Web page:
When Words Are Deadly Weapons: Michelle Carter´s Conviction
Would you rather text than talk? Beware the power of electronic persuasion
Posted Jun 24, 2017
Friends Turned Frenemies: Susceptibility to Electronic Aggression
Choose your friends carefully. Your life may depend on it, as evidenced by the increase in tragic cyber bullying-prompted suicides we have seen across the country in recent years.[i] We live in a world where words are used as weapons. Surprisingly, even between friends.
A 2016 study by Felmlee and Faris found that youth cyber aggression occurs more frequently between friends (current or former) and dating partners.[ii] They found online aggression to be more likely between individuals with close, intimate ties, as compared to between individuals with more distant connections.
Acknowledging that friendships appear to increase, not decrease, the likelihood of electronic aggression, Felmlee and Faris also note such aggression presumably stems from revenge, competition, or attempt to repel romantic rivals.
A recent heartbreaking case of teen romance-turned-encouraged-suicide drives home the extent to which words can be used as weapons.
Words as Deadly Weapons
The use of words as weapons was litigated in the criminal trial against Michelle Carter, who at 17 years old, encouraged her late boyfriend Conrad Roy to commit suicide by carbon monoxide poisoning in his truck.
Michelle Carter was convicted by a judge of involuntary manslaughter based in large part, on her words. Carter´s words were presented throughout the trial, mostly in the form of voluminous text messages presented by the prosecution.
Yet it was a phone call that the judge ruled was the critical piece of evidence justifying his verdict. “This court finds,” the judge said, “that instructing Mr. Roy to get back in the truck constituted wanton and reckless conduct.”[iii] The judge found that “Carter's actions and failure to act where it was her self-created duty to Roy since she put him in that toxic environment constituted reckless conduct” and “ that the conduct caused the death of Mr. Roy."[iv]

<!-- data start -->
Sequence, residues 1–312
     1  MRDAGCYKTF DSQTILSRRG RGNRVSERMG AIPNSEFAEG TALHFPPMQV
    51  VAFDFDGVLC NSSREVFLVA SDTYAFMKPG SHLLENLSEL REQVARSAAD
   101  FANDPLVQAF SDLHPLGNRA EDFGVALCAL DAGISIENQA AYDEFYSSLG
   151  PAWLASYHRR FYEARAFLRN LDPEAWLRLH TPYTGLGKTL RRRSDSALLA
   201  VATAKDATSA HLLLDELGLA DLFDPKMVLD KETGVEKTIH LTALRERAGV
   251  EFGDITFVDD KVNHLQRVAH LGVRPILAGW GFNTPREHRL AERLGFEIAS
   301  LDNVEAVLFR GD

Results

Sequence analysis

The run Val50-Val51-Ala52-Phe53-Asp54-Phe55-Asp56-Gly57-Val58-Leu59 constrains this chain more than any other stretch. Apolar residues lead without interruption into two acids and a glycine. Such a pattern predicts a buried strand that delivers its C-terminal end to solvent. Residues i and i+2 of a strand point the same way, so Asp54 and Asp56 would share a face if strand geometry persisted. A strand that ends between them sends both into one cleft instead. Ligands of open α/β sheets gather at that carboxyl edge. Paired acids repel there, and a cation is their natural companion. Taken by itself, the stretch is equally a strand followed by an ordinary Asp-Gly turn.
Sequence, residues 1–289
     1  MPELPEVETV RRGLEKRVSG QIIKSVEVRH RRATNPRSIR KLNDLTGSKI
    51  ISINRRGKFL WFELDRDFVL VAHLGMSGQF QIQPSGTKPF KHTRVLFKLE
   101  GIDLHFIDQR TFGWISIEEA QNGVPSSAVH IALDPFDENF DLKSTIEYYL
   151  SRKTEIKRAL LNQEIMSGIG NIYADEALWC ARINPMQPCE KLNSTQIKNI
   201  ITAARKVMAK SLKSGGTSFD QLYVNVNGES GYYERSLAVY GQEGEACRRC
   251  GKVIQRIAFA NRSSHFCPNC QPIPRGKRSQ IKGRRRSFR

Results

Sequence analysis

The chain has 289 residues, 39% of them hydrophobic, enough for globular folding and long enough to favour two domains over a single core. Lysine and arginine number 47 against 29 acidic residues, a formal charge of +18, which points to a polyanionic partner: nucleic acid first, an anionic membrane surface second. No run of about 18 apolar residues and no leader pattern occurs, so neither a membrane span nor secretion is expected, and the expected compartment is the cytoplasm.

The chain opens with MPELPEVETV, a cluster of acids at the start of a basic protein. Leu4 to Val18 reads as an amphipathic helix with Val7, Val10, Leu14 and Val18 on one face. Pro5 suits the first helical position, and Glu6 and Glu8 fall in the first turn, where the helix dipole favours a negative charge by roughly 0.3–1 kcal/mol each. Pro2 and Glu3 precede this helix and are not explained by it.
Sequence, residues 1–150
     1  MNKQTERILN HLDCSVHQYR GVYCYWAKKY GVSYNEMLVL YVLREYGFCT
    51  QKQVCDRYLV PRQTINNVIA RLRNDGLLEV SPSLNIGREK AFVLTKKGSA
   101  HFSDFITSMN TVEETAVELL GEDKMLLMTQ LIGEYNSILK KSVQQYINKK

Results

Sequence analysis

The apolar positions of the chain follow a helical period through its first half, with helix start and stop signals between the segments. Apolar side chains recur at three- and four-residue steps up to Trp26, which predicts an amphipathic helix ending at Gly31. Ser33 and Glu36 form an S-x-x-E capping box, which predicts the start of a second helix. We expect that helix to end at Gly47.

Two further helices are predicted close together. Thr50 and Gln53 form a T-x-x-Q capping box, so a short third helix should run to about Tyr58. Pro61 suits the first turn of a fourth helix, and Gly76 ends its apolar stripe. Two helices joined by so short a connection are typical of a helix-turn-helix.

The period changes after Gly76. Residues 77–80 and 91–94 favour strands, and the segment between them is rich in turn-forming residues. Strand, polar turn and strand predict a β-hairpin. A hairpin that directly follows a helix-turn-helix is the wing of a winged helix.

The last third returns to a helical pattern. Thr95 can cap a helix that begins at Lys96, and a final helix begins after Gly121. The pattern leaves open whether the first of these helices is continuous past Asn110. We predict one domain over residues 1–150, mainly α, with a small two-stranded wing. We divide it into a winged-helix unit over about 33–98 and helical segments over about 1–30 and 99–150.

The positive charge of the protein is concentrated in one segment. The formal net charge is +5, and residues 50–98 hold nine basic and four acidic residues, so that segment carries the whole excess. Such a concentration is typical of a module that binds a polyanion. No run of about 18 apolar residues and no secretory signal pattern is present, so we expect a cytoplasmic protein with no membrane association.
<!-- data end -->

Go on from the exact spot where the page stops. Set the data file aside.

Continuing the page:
Yet the relationship between the two teens was sustained in significant part through text messaging. The prosecution presented evidence of pervasive electronic persuasion, which apparently occurred over time. A selection of text messages published by CNN[v] includes the following messages between Carter and Roy on July 4th through 12th 2014:
Carter: "You're gonna have to prove me wrong because I just don't think you really want this. You just keeps pushing it off to another night and say you'll do it but you never do"
Carter: "SEE THAT'S WHAT I MEAN. YOU KEEP PUSHING IT OFF! You just said you were gonna do it tonight and now you're saying eventually. . . ."
Carter: "But I bet you're gonna be like 'oh, it didn't work because I didn't tape the tube right or something like that' . . . I bet you're gonna say an excuse like that"
Legal merits aside, what is troubling to so many people who followed this case was the idea that a teenage girl could wield such influence over her boyfriend through text messaging. This is critically important given that texting is increasingly the communication method of choice for young people.
Why Talk When You Can Text?
Young people would rather text than talk. Pew Research indicates that 58% of teenagers with smartphones cite texting as their preferred method of communication with their closest friends.[vi]